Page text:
KANSAS CITY, KAN. After years of controversy, the Wyandotte Nation of Oklahoma quietly opened a casino Thursday on its land in downtown Kansas City, Kan., but the dispute may not be over.
Although the tribe did not officially announce the opening, a line had formed outside the new Wyandotte 7th Street Casino before it opened at 9 a.m. and it was nearly full in the hours after it opened.
The cramped casino, in a renovated Masonic Lodge building, offers about 150 bingo, "pull tab" games and a variety of electronic pull tab devices that look and play like slot machines. It's in the midst of downtown, across the street from the City Hall and next to the tribe's historic Huron Cemetery, established in the 1840s.
The casino includes a small bar but a dispute quickly arose over whether the tribe was allowed to serve alcohol. And an attorney representing the tribe acknowledged that the tribe still would prefer instead to open a casino at a more spacious site in Wyandotte County.
The tribe for years has used the threat of opening a downtown casino as leverage to force approval of its preferred plan for a larger-scale casino and resort at a site near Kansas Speedway in Wyandotte County.
"We have a piece of land and we are conducting gaming today," said David McCullough, the tribe's attorney. "There would be better places to be, but this is it for now. The tribe would always be interested in negotiations to move somewhere else in the county."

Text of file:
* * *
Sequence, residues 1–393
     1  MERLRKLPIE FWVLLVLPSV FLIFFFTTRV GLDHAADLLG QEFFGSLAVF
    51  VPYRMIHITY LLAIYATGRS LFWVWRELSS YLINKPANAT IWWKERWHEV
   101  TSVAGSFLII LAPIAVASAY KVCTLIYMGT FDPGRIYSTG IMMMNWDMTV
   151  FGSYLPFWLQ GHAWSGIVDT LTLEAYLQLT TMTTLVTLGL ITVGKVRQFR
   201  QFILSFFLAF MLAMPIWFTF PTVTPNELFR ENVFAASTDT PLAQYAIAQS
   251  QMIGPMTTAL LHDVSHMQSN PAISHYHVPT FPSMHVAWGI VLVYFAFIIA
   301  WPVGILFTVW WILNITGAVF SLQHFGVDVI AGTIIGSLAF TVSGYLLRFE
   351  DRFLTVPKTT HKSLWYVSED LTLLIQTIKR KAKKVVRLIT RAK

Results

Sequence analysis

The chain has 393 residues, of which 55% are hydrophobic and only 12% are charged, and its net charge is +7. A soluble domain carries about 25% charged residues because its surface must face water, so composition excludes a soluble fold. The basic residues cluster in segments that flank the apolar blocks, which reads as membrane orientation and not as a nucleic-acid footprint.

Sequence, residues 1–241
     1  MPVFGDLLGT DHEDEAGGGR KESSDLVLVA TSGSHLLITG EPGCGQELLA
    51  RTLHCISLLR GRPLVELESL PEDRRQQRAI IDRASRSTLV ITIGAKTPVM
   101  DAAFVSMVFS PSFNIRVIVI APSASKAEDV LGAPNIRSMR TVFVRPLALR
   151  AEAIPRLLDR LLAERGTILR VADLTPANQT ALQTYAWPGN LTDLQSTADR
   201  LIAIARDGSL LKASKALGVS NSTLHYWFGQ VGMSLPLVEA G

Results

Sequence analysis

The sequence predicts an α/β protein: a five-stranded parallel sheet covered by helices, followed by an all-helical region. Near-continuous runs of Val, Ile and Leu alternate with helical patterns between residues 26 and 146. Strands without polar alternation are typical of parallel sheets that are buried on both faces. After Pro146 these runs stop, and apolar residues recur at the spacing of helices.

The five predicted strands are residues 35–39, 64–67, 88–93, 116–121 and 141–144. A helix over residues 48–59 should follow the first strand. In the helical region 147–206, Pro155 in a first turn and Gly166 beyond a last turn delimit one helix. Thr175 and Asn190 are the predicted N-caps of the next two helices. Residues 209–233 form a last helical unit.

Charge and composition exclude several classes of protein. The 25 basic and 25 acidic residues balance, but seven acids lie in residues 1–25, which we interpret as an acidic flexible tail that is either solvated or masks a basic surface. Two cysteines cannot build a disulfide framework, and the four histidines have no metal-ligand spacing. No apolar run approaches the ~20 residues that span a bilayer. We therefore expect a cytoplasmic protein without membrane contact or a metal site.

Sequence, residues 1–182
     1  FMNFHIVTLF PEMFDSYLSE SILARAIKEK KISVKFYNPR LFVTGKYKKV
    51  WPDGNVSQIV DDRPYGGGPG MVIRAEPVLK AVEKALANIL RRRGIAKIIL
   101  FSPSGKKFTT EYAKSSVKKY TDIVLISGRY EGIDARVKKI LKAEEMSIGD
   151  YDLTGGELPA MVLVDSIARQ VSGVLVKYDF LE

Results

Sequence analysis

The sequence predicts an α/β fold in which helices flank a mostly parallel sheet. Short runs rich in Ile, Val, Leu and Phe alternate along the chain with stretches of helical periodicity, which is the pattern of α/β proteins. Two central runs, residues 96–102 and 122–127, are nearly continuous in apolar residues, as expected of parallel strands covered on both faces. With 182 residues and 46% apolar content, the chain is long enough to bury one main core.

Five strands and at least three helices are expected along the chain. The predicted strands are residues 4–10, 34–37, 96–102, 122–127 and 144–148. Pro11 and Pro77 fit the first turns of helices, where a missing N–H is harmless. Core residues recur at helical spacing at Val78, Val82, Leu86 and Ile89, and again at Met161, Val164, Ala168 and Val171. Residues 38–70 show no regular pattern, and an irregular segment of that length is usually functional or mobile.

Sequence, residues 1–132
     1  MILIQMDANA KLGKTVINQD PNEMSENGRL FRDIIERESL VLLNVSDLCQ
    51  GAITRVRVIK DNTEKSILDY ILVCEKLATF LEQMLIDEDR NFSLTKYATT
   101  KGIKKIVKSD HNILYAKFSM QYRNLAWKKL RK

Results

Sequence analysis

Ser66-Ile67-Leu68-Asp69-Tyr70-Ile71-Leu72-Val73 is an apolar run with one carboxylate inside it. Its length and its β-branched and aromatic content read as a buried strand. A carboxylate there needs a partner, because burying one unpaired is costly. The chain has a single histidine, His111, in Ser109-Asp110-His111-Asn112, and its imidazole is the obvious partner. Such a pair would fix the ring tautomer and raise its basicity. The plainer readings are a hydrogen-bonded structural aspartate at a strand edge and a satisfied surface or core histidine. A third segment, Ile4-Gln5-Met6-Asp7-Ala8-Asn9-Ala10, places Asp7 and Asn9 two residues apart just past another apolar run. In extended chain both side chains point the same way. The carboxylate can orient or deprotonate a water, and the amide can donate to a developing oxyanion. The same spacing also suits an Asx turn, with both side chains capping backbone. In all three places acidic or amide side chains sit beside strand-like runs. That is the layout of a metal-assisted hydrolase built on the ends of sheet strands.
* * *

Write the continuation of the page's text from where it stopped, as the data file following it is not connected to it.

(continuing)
The Interior Department ruled earlier this year that the tribe's downtown land was eligible for a federal Class II gambling license, which allows only certain games such as bingo and pull tabs. A Class II permit does not require further approvals by state or local governments.
State officials have sued in federal court to overturn that decision.
The tribe ultimately wants a Class III gambling permit that would allow traditional slots and table games like blackjack and craps.
A casino on that scale, however, depends on state and congressional approval in exchange for the tribe's dismissal of a class-action lawsuit that claims historic land rights to nearly 2,000 acres in the Fairfax Industrial District in Kansas City, Kan., including the site of a General Motors auto assembly plant.
The tribe has acknowledged that the Fairfax land claim was filed as further leverage for its proposed casino, but the Kansas Legislature earlier this year refused to approve the deal.